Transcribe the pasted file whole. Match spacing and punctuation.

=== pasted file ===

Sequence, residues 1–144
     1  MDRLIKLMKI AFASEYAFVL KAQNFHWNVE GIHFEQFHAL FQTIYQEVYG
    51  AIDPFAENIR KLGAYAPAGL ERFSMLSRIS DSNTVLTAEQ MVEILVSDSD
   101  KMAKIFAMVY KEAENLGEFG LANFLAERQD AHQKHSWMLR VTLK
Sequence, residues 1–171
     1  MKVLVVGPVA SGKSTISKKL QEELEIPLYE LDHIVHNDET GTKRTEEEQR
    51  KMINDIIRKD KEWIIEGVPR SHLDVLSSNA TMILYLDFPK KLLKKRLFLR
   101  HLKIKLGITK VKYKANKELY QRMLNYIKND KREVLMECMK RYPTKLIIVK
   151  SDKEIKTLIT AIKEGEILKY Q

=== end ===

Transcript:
Sequence, residues 1–144
     1  MDRLIKLMKI AFASEYAFVL KAQNFHWNVE GIHFEQFHAL FQTIYQEVYG
    51  AIDPFAENIR KLGAYAPAGL ERFSMLSRIS DSNTVLTAEQ MVEILVSDSD
   101  KMAKIFAMVY KEAENLGEFG LANFLAERQD AHQKHSWMLR VTLK
Sequence, residues 1–171
     1  MKVLVVGPVA SGKSTISKKL QEELEIPLYE LDHIVHNDET GTKRTEEEQR
    51  KMINDIIRKD KEWIIEGVPR SHLDVLSSNA TMILYLDFPK KLLKKRLFLR
   101  HLKIKLGITK VKYKANKELY QRMLNYIKND KREVLMECMK RYPTKLIIVK
   151  SDKEIKTLIT AIKEGEILKY Q